One of four orchestras appearing at Bravo! Vail this summer, the New York Philharmonic brought along six different programmes, the first four of which were led by music director Jaap van Zweden – including a cathartic Mahler Sixth. Leonard Slatkin took over the reins for the remaining two programmes in the open-air main venue: an all-Tchaikovsky evening and this concluding concert, “A Sondheim Celebration”. Originally, these last two concerts were to have been conducted by Bramwell Tovey, a much-loved regular at Bravo! Vail who died on 12th July, only 69 years old. Slatkin dedicated the performances to his memory. 

Isabel Leonard and Emmett O’Hanlon
© Carly Finke

The NY Phil has made several deep dives into the work of the Broadway trailblazer, who died at the age of 91 last November. Along with orchestral arrangements of suites from several of his musicals and a film score, they’ve given semi-staged concert presentations of Company and Sweeney Todd over the years. But the guiding idea of this programme was simply to sample and savour the astonishing variety of worlds that Stephen Sondheim conjured with his innovative – indeed, paradigm-shifting – contributions to music theatre. 

Mezzo-soprano Isabel Leonard and baritone Emmett O’Hanlon joined the orchestra to survey Sondheim’s legacy from his early years up to his Tony Award-winning Into the Woods from 1987. But attempting an overview of Sondheim is no straightforward task, since a signature of his style is an aversion to readily isolated hit numbers that can be painlessly ripped out of context. One obvious exception is “Send in the Clowns” from 1973’s Ingmar Bergman-inspired A Little Night Music, which Leonard sang with poignant intensity near the end of the concert, her plummy lower range illuminated by exquisitely tender solos from the NY Phil winds.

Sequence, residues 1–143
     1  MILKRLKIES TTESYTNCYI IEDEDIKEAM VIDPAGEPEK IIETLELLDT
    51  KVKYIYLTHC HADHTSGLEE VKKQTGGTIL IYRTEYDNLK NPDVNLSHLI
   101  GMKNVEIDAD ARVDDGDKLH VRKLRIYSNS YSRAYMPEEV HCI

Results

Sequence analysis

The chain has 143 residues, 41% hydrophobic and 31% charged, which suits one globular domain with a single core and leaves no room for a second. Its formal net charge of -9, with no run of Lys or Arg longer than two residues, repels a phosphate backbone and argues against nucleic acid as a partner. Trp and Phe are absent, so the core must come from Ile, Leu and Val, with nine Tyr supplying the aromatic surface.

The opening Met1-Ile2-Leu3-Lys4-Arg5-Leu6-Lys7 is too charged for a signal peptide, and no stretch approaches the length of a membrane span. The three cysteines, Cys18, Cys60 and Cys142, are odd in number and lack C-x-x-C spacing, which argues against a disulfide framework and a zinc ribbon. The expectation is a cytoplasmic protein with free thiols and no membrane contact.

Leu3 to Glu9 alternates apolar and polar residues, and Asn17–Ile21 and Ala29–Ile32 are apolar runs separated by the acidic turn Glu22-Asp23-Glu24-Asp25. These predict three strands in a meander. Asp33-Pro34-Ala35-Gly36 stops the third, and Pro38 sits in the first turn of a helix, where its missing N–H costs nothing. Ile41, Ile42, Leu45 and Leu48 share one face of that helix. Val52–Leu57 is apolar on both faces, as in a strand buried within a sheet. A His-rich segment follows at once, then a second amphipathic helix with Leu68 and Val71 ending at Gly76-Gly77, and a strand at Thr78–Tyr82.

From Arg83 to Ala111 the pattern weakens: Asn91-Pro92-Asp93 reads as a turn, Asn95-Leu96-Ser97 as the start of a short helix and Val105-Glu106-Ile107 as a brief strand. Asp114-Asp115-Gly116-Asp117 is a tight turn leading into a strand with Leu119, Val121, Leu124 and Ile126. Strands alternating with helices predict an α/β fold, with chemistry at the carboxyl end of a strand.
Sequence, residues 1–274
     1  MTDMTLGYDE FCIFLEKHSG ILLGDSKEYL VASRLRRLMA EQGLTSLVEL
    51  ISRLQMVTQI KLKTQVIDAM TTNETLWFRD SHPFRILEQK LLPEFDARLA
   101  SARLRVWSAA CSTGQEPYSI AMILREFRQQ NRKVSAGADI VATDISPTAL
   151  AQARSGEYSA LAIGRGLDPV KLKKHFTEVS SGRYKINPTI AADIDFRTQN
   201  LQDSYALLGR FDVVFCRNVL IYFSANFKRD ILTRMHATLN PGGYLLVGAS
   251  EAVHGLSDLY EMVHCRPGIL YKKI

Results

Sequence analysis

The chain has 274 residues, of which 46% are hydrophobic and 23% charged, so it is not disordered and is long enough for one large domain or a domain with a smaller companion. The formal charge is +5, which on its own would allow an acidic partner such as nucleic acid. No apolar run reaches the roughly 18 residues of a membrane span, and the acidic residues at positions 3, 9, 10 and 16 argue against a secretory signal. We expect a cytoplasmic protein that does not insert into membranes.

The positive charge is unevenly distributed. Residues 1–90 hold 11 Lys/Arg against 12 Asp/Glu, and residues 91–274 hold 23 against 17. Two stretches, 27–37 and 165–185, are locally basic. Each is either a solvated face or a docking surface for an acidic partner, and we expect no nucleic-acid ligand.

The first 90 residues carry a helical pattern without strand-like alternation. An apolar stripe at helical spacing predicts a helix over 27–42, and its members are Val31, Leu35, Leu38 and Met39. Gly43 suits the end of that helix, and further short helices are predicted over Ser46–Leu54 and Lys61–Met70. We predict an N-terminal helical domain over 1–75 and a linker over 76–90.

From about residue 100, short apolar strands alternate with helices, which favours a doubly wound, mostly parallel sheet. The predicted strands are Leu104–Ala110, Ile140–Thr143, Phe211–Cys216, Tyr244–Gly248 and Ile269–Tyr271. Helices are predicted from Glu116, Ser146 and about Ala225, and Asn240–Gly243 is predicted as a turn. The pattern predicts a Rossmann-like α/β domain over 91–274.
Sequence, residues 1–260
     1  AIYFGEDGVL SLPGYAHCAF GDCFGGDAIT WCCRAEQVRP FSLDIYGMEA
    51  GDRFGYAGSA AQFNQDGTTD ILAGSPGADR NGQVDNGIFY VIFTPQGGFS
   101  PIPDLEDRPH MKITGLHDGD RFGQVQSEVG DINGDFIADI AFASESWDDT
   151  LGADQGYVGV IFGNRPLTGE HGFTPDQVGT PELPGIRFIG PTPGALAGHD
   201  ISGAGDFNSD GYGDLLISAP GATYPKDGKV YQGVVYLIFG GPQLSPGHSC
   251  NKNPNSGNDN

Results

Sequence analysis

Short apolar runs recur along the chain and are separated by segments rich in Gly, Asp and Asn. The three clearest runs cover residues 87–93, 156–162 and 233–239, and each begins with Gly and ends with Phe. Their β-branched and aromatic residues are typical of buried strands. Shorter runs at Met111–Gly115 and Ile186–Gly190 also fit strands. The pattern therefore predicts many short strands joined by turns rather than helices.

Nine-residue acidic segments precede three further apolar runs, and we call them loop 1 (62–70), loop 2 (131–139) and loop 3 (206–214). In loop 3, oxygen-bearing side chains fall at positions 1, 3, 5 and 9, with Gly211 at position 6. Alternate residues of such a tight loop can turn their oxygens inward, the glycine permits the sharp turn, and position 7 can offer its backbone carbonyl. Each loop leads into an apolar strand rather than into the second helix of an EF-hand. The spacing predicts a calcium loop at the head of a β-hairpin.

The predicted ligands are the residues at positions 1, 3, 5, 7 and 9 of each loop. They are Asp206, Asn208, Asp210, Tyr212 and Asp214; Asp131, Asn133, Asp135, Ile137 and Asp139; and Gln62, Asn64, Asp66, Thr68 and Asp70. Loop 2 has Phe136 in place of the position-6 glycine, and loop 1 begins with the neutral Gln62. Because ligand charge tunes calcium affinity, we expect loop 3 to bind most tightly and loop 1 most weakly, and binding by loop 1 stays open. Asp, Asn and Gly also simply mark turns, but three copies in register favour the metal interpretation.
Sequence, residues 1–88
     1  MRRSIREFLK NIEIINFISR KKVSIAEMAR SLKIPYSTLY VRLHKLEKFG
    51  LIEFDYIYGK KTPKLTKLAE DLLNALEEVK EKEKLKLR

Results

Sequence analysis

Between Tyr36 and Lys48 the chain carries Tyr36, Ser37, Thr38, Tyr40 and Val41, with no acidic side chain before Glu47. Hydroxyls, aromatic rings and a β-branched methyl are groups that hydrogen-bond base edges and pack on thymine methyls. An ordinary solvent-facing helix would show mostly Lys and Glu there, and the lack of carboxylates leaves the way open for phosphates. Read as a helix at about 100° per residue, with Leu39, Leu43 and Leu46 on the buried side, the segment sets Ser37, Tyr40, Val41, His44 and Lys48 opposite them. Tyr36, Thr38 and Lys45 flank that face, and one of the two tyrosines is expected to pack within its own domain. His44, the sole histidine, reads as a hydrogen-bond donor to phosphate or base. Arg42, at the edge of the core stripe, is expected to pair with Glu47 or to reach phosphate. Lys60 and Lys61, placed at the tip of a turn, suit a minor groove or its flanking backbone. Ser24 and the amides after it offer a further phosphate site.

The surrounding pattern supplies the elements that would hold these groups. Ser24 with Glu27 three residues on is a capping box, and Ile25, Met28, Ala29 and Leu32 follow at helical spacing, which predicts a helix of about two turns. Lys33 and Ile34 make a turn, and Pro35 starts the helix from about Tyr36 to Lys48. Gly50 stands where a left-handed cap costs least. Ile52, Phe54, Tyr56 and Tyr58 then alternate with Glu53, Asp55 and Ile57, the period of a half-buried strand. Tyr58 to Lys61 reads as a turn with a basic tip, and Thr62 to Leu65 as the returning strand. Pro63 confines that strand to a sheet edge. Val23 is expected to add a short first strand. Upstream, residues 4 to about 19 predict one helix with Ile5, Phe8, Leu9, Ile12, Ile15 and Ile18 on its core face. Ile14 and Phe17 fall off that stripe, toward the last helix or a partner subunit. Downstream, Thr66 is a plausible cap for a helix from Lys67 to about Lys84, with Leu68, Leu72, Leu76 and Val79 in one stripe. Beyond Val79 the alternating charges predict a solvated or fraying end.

Bravo, Vail!
© Carly Finke

Slatkin circumvented this dilemma by clarifying the context in his eloquent introductory commentary for each set. Already in their perky account of the opening number, the overture to A Funny Thing Happened on the Way to the Forum (1962), the musicians showed their evident enjoyment with Sondheim’s musical language. In his remarks, meanwhile, Slatkin emphasised the game-changing sophistication and brilliance of Sondheim the lyricist and his unique combinations of words and music. 

Emmett O'Hanlon, Isabel Leonard, Leonard Slatkin and the New York Philharmonic
© Carly Finke

Leonard homed in on the wistful charm of the title song from the early flop Anyone Can Whistle (1964). O’Hanlon then joined her in the epiphanic duet “Move On” from Sunday in the Park with George (1984). Following his robustly sung “Johanna” from Sweeney Todd (1979), O’Hanlon reveled with Leonard in the twisted word play of “A Little Priest” from the same musical. Considerable attention was given to Sondheim’s subversive take on fairy-tales, Into the Woods, represented by a solo each for Leonard and O’Hanlon and two duets. 

Since this was the New York Philharmonic, it was perhaps inevitable that Leonard Bernstein would make an appearance. The odd “Mr and Mrs Webb Say Goodnight” from Bernstein’s late song cycle Arias and Barcarolles (1988) – by turns mercurial and elegiac – was presumably chosen because he, too, combined the functions of lyricist and composer here. As Slatkin pointed out, Sondheim struggled to rebrand himself after winning such phenomenal early success as the lyricist for West Side Story (1957), which, as it happened, was given the last say in the evening’s three encores.